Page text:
Over With You
Blue Corn Music

There’s a bit of irony that the new Bob Dylan album (Tempest) and this new Steve Forbert album were both released on the same day. Early on in his career, the Mississippi-born Forbert was dubbed “the new Dylan” — just like dozens of other artists over the years, from Texas’ own Mouse and the Traps to John Prine and Bruce Springsteen. Although flattering and bestowed with good intentions, the designation is invariably as much of a curse as it is a blessing, because, let’s be real, real Dylans come around about as often as Democratic Texas governors see Halley’s Comet. Forbert persevered nonetheless, though because he never came close to achieving the same level of fame as Springsteen or Prine, his career has been woefully under appreciated for three and a half decades. Outside of the fans who’ve followed him faithfully since Alive on Arrival in the late ‘70s, most folks probably only know Forbert for “Romeo’s Tune” or, thanks to the inevitable nasty spillage every few years, “The Oil Song.” Well, it’s high time for this master songwriter to get another blast of attention. Over With You is an endearing and enlightened collection of 10 exquisite songs that speak with the wisdom of someone who knows quite well that things often don’t turn out as hoped; that even the best relationships are in constant states of precarious balance, and that when people do drift apart, it can be done with tenderness and dignity on all fronts.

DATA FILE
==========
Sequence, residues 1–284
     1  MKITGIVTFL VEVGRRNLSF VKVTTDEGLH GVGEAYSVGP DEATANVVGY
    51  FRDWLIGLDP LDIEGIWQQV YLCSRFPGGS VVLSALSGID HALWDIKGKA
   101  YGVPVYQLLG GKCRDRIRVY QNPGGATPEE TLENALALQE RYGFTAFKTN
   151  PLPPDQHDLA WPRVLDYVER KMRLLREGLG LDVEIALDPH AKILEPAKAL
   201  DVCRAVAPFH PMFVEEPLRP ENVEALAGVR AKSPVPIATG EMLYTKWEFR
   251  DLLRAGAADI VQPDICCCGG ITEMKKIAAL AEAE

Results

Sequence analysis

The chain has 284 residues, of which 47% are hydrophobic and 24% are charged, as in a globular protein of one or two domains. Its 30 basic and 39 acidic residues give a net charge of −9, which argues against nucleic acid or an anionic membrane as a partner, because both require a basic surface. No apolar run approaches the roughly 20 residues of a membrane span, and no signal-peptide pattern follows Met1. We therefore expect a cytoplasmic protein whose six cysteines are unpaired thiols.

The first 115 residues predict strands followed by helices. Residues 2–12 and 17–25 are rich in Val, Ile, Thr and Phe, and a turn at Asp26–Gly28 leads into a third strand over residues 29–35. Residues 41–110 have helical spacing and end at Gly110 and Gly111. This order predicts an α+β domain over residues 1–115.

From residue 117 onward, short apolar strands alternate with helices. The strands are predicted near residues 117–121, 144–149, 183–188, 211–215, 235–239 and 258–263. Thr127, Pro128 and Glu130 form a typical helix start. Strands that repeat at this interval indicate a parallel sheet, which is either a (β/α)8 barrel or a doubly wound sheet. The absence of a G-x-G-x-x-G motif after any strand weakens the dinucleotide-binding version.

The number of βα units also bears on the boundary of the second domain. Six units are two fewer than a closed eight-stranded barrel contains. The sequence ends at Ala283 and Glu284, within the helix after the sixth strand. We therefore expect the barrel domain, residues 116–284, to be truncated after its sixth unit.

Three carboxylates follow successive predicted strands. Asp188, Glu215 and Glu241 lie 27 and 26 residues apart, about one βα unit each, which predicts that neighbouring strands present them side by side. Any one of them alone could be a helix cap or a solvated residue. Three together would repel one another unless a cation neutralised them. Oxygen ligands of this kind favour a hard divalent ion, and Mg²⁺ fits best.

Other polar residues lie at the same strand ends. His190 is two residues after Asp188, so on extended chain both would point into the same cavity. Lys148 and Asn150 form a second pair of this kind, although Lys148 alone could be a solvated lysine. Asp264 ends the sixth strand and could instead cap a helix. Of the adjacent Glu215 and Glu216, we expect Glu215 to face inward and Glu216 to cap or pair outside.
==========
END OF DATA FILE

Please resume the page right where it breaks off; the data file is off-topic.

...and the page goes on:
The title track — one of the most mature kiss-off ballads you’re ever likely to come across — makes this point with Forbert’s signature phrasings and anguished, unique vocal stylings: “Keep this in the back of your remarkable mind/Somethings don’t make sense and some are so hard to find/Over with you, over and through.” The bouncing “Baby, I Know” ruefully acknowledges the tendency to fall short of expectations 10-percent of the time and cheerfully promises to do better. And Ben Sollee’s sympathetic cello is the perfect complement on “Don’t Look Down, Pollyanna” as Forbert commiserates about life’s ebbs and flows and dizzying high-wire acts. But it’s “All I Need to Do,” the up-tempo, off-kilter head-nodder of a love song, that will remind longtime fans of what they’ve always loved about Forbert’s realistic optimism and hopefully help introduce him to a few new ones. “All I need to do is just find someone who’s just like you,” he proclaims. “All I need to change is just the seven letters of your name.” It’s been years since it was suggested that changing the seven letters of Forbert’s own name could give the musical world a new Dylan, but we’re lucky he’s still around helping us get over the fact that he’s not and never really cared to be. — D.C. BLOOM